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Can You See Us Now? Jasmine Togo-brisby

Ticket Information

  • Free Admission


  • Sun 19 May 2024, 1:00pm–4:00pm
  • Mon 20 May 2024, 10:00am–4:30pm
  • Tue 21 May 2024, 10:00am–4:30pm
  • Wed 22 May 2024, 10:00am–4:30pm
  • Thu 23 May 2024, 10:00am–4:30pm

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All Ages

Jasmine Togo-Brisby is a fourth-generation Australian South Sea Islander of Ni-Vanuatu ancestry. Her art practice is deeply engaged with the global legacies of the South Pacific slave trade and its passages through Moana-nui-a-Kiwa, the Pacific Ocean.

Can you see us now? is a new sculptural installation by Togo-Brisby, which sheds light on the history of South Sea Islanders, the descendants of Pacific Islanders who were taken to Australia to work on plantations between 1847 and 1903. It builds on two recurring images the artist reclaims across her practice: the ship; and decorative Wunderlich pressed-tin ceilings, which are seen in many Deco heritage buildings in Heretaunga Hastings.

Plaster-cast replica tamtam drums – a type of wooden slit drum used for communication and ceremonies in the islands of Vanuatu – are arranged on the gallery’s floor to form a skeletal ship, resembling an excavation of sorts. The artist has taken her moulds from miniature tamtam drums created for the tourist industry, but here these silent instruments strike a deep, reverberating chord. For Togo-Brisby, the ship is an image of empathy and resistance across time, space, and genealogies – a vessel for South Sea identity and the connected journeys of many.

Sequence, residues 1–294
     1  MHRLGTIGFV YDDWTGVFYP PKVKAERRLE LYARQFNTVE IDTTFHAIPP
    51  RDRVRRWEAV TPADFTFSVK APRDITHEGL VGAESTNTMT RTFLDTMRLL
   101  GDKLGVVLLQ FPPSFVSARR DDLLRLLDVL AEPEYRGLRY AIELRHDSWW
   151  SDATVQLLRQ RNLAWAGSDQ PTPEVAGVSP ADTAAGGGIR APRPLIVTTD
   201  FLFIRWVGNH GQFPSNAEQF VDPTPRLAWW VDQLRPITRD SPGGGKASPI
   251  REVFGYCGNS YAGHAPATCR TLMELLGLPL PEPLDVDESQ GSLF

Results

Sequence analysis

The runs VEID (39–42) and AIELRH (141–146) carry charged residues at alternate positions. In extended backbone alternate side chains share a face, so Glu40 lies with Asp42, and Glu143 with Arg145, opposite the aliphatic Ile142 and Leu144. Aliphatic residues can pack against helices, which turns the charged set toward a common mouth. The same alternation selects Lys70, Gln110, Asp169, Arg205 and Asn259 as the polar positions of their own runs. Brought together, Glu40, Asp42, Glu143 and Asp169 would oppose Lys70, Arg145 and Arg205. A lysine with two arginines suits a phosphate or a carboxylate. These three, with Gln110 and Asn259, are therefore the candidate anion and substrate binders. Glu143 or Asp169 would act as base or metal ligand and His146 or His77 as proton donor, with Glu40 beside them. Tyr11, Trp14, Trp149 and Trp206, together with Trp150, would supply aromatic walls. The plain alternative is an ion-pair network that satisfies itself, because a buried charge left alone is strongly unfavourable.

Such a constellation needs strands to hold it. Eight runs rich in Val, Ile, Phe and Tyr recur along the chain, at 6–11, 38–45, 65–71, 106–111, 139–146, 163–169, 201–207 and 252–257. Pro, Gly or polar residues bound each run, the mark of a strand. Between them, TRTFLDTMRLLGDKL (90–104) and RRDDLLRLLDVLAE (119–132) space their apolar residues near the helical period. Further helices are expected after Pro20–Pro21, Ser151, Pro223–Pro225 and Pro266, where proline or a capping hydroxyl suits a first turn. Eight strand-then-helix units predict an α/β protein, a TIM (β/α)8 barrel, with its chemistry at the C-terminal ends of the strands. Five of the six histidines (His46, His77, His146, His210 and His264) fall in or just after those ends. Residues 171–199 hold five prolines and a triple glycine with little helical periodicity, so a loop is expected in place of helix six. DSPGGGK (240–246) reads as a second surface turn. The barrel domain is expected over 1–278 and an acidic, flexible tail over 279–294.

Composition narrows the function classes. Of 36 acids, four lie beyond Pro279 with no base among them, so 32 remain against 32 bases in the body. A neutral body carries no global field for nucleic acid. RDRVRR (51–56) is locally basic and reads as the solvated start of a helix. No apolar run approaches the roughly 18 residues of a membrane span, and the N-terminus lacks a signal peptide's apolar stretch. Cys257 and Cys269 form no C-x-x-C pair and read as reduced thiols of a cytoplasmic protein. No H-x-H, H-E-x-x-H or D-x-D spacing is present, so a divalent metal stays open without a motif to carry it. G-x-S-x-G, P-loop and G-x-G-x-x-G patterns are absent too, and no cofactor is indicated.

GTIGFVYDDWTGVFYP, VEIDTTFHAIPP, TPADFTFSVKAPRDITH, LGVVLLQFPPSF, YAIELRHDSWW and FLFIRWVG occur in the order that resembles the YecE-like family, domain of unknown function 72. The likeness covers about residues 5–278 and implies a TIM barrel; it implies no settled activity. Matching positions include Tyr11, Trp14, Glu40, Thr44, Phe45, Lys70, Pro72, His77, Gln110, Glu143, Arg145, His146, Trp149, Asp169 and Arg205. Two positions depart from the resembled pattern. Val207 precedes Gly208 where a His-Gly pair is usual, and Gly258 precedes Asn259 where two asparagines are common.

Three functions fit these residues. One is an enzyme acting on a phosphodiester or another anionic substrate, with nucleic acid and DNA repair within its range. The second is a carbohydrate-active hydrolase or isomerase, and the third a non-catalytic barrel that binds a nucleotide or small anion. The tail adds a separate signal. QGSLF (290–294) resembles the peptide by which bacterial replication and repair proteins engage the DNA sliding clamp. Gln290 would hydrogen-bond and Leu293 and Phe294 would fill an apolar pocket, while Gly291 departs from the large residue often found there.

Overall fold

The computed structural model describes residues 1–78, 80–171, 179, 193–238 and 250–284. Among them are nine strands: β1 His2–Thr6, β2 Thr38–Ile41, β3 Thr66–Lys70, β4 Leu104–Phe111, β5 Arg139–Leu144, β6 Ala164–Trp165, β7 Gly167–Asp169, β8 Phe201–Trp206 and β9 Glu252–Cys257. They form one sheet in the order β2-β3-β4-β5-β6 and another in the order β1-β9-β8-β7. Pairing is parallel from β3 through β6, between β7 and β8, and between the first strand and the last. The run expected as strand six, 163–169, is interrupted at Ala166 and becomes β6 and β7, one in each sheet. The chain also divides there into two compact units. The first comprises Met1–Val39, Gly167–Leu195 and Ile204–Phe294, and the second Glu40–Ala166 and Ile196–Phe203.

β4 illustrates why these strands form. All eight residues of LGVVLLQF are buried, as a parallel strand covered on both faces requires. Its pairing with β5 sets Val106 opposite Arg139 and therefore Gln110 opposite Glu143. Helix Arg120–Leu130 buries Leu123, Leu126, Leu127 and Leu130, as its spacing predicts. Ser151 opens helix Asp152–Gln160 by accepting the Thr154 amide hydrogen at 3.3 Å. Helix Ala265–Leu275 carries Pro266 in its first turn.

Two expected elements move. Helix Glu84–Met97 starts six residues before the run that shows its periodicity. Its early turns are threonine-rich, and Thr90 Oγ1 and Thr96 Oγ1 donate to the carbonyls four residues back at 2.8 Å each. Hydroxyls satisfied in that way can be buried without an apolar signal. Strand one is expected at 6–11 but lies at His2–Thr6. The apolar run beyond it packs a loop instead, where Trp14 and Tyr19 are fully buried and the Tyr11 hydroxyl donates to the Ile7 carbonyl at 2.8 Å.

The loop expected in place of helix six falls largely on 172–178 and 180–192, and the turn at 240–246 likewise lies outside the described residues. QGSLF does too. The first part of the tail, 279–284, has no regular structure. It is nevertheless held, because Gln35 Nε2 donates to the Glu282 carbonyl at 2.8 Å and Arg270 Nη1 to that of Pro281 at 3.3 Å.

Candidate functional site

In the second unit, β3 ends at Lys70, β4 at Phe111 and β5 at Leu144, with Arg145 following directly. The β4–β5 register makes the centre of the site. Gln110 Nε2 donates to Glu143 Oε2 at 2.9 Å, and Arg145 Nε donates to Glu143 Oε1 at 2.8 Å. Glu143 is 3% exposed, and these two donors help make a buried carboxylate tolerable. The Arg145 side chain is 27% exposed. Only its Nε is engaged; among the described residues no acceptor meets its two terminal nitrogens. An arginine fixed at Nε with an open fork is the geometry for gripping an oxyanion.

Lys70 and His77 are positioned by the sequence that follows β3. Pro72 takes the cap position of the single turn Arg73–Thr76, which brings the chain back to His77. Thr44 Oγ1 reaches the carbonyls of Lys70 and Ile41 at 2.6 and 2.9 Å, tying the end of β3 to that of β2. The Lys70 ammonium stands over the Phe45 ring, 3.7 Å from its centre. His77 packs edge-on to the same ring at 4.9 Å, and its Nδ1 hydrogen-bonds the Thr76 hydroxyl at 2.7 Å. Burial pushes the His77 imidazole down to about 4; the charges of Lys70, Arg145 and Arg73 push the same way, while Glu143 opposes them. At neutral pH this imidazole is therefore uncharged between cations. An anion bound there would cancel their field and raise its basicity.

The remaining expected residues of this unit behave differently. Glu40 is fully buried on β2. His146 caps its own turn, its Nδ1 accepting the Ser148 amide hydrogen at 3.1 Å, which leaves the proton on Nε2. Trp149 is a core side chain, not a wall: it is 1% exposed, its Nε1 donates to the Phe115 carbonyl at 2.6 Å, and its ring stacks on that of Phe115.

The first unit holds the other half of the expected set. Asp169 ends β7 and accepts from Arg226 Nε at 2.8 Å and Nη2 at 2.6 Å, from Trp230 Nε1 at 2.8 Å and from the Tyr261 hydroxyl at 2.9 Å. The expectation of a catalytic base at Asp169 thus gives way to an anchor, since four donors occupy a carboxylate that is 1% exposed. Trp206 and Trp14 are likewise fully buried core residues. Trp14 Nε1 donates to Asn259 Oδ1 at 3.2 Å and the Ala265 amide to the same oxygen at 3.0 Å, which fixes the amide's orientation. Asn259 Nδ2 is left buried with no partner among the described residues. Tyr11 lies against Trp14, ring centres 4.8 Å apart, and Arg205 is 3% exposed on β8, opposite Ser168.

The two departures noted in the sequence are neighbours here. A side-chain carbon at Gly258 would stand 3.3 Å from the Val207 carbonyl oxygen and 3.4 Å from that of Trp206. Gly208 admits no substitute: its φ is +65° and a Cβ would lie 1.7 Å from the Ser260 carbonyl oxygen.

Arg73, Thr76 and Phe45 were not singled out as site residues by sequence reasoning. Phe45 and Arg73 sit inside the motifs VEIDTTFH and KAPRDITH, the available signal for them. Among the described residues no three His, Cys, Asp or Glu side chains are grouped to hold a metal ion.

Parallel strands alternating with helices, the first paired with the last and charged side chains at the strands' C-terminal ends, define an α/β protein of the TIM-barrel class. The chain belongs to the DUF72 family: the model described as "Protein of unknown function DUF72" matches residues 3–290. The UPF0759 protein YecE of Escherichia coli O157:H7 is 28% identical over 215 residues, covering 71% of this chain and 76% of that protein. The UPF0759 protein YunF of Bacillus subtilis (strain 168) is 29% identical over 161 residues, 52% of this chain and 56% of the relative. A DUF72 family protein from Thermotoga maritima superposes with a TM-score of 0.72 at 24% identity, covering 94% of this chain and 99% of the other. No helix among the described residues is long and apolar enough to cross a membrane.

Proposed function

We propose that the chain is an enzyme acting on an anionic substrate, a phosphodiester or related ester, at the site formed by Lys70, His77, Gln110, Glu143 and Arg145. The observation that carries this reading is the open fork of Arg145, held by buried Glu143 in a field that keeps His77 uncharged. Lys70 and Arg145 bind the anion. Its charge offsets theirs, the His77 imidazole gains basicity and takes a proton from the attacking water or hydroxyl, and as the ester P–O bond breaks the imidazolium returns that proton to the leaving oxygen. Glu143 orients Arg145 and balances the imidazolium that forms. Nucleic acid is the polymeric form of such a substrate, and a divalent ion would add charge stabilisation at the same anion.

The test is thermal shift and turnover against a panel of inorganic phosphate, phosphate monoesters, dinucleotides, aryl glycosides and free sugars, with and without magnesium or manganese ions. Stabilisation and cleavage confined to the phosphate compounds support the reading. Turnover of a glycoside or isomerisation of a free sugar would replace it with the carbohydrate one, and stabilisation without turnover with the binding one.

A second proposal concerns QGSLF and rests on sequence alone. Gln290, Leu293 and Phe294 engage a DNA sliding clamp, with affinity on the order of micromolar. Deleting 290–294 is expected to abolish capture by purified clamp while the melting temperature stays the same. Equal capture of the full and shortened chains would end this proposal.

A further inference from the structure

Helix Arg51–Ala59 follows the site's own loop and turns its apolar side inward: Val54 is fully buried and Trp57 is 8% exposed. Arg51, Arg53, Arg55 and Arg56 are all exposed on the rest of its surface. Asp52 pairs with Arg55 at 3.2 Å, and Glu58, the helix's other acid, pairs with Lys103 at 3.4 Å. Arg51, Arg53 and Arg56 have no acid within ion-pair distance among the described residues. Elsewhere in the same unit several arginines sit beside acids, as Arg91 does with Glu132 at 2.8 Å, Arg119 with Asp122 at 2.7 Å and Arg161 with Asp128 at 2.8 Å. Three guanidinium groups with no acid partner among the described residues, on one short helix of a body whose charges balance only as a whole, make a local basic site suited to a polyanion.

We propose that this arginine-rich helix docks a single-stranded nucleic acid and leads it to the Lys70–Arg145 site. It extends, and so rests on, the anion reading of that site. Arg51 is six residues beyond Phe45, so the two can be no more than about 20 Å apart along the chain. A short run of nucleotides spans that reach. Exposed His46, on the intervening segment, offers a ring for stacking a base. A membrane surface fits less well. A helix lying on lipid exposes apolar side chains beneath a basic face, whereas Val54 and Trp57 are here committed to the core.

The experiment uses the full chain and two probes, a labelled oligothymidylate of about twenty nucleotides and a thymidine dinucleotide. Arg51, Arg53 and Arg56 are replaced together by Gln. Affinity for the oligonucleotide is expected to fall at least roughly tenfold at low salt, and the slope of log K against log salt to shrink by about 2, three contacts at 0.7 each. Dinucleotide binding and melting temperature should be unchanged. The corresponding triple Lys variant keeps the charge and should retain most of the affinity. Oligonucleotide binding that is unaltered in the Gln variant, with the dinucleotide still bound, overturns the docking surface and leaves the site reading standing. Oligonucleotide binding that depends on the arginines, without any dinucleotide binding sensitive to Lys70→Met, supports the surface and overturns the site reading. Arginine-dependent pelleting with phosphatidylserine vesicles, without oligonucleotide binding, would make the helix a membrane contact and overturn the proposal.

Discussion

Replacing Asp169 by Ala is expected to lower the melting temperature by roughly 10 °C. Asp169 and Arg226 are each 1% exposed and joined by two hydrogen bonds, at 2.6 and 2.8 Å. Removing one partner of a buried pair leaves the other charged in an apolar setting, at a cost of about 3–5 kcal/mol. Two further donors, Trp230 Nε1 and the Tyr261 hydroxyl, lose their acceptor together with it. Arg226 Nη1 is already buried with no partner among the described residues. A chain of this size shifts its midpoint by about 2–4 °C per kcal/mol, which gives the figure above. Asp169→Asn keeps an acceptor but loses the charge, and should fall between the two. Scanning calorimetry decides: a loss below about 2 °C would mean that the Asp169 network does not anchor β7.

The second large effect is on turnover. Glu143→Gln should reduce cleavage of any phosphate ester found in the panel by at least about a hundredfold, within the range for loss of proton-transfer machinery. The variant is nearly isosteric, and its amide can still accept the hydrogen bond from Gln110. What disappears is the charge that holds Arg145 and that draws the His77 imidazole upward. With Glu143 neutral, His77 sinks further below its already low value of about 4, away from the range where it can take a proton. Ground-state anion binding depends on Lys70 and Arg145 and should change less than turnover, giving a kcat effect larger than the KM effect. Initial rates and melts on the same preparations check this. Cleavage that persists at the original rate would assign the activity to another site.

Lit by chandeliers hovering just above the ground, the installation also recalls an ornate ceiling. Behind the artist’s reference to the decorative façades of the early 20th Century is a personal connection to the Sydney-based Wunderlich family. The Wunderlichs, at one time the largest provider of pressed-tin ceilings to Aotearoa New Zealand, acquired Togo-Brisby’s great-great-grandparents after they were abducted in Vanuatu and enslaved as domestic servants.

In a recent interview with Professor Clare Corbould, Togo-Brisby discusses the practice of “playing in the dark archive”, making global connections between histories of slavery and oppression in the wake of the Black Lives Matter movement, to encourage empowerment and liberation. The title of this installation is taken from her response to an art magazine’s request to sum up her art practice in five words: Can. You. See. Us. Now? This question of visibility and cultural memory beats like a drum through her work.

Jasmine Togo-Brisby was born in Murwillumbah, New South Wales in 1982 and is currently based in Brisbane. From 2018-2022 she lived in Wellington, where she completed an MFA at Massey University. Togo-Brisby has exhibited extensively across Aotearoa and Australia and made significant contributions to new dialogues in contemporary Pacific art in both countries. Her works have been exhibited by and collected by major institutions including Te Papa Tongarewa, Auckland Art Gallery Toi o Tāmaki, QAGOMA, Australian Museum and Art Gallery of New South Wales.

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